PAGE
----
Welcome to the March edition of my column, a month that has seen me take on new roles and attend courses to get myself back in the game: Essentially doing what I enjoy, back on the training field and supporting fellow coaches. I cannot lie, I am struggling to believe how hard it has been for me to reacclimatise being back home. The involvement at international level was always a challenge and never a dull moment, so being stuck in limbo for so many weeks was getting harder. At least now I am busy again albeit a couple of part time roles in women’s football and with TheFA in a mentoring capacity for grassroots coaches in Hertfordshire. Added to the unofficial support I try and give to all former students and colleagues
It feels like I now do not have enough hours in the day, and night for that matter.
Anyway, enough about me and let’s take a look at other topics from recent weeks, how about the sacking of head coaches and the call for the heads of others. How fickle is it now with the demands of the game? The absolute fear of falling from grace due to the financial implications. The gulf between the top and bottom after last year’s Leicester miracle is becoming evident again, and even a gap within the top group of the Premier league.
Going back to sacked managers, I think back to my time at Charlton Athletic when Alan Curbishley had regularly maintained their place in the Premier league without the threat of relegation. But some fans got greedy and felt he was not challenging for actual silverware so maybe his time was up. It needed someone to push harder for honours, well take a look now. The honour was staying at the highest level for a club the size of Charlton, so be careful what you wish for was the cliché often used after that. Their mistakes then cost me my own position at the time as relegation came and staff and sections were cut loose to save money. The rest as they say is history and I hope that they can survive the current issues and grow again.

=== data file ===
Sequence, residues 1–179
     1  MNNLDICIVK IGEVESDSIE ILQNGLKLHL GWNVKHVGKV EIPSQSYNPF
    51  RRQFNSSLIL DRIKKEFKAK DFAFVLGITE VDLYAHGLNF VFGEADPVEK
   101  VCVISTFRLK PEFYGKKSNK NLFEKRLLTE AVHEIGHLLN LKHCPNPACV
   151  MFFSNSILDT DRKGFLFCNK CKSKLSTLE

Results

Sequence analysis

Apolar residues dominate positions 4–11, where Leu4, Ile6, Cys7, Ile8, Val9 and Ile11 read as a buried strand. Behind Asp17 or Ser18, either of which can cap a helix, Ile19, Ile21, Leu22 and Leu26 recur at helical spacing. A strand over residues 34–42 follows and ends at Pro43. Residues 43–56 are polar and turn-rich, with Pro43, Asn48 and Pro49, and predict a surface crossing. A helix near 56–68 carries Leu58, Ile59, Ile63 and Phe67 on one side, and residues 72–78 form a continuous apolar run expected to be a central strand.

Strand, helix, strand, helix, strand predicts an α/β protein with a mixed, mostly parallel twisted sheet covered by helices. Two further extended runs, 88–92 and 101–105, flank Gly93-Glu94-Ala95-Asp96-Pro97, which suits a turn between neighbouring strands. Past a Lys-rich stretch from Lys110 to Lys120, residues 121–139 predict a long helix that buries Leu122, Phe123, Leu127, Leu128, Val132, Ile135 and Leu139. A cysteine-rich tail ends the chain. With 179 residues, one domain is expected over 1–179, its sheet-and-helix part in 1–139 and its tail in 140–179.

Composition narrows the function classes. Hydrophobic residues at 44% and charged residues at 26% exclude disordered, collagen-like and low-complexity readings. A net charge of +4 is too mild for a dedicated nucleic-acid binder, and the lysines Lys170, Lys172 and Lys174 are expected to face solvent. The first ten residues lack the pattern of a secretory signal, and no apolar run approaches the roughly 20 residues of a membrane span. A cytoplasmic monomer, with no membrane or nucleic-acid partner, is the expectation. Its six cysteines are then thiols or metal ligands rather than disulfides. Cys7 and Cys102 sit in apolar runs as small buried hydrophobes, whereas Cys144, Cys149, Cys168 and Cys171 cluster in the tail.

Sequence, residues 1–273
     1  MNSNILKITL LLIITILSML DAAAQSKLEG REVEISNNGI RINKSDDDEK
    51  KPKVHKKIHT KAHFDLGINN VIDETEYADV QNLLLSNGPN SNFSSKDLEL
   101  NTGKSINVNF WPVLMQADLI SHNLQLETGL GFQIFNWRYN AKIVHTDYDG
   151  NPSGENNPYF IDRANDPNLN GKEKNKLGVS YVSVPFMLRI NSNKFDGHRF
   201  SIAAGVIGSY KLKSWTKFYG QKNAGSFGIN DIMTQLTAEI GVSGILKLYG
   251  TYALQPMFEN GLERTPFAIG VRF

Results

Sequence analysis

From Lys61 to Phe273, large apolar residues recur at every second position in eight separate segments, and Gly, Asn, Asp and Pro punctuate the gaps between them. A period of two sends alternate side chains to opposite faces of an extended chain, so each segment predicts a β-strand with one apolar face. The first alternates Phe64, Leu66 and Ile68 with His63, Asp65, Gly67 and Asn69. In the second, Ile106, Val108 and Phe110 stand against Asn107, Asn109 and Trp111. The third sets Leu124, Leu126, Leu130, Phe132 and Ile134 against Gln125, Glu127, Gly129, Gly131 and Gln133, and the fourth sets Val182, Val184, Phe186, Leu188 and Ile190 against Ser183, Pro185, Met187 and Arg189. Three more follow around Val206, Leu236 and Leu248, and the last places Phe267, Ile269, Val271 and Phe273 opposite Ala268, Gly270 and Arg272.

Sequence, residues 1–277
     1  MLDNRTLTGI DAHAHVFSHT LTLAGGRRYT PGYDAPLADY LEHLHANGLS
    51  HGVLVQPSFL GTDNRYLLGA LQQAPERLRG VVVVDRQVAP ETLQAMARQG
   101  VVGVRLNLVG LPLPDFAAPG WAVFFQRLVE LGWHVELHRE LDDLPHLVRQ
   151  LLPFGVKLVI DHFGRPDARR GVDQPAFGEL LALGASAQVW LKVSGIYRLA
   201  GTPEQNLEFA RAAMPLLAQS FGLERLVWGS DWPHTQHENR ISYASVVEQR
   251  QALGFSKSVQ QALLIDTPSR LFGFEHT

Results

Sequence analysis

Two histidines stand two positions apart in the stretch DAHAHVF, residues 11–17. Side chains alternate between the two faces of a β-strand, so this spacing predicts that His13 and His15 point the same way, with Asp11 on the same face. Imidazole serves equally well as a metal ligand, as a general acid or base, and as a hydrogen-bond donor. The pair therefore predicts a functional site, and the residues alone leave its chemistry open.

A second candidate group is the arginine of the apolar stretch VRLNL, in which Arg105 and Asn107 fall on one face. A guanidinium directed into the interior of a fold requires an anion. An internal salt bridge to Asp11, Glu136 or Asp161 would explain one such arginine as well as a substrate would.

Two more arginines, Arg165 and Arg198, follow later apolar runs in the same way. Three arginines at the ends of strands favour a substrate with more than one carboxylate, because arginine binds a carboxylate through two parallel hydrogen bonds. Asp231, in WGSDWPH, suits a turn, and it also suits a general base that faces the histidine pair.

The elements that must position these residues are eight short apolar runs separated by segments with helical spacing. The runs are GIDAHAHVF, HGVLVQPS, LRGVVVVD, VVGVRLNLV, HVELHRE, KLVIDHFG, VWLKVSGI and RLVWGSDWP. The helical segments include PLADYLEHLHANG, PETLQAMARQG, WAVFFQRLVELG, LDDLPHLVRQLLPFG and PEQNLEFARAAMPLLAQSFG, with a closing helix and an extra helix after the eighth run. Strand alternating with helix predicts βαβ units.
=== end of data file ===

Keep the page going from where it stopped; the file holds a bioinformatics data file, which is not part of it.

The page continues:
More topical perhaps coach education in England has taken another turn and more changes in the structure of courses at all levels. On first sight, they seem better more condensed and learner friendly with the youth modules becoming part of the other awards as blocks of each course. Good news that the soon to be launched new Level 3/ UEFA B will again be delivered in counties. The biggest change being that the assessment process will take place at the club of the student coach utilising their own team as opposed to the intense couple of days with the group playing and being assessed under physical and mental pressure.
This should encourage more coaches to take and maintain their qualifications and a positive knock on effect for the young players in this country. Last but not least it looks like Sussex based Brighton and Hove Albion are on course for automatic promotion this season despite a couple of minor blips they are still in a strong position and Chris Houghton has done another great job. Their FA cup conquerors Lincoln have done the non-league game the power of good and have the game of their lives coming up at the Emirates v Arsenal and under pressure manager Arsene Wenger. If further miracles are to happen, now would be a prime time to take advantage and who am I to say it’s impossible.
Either way good luck to all teams still challenging in competitions and to those fighting for survival, beware the ides of March. Jokes aside hope everyone has a great month.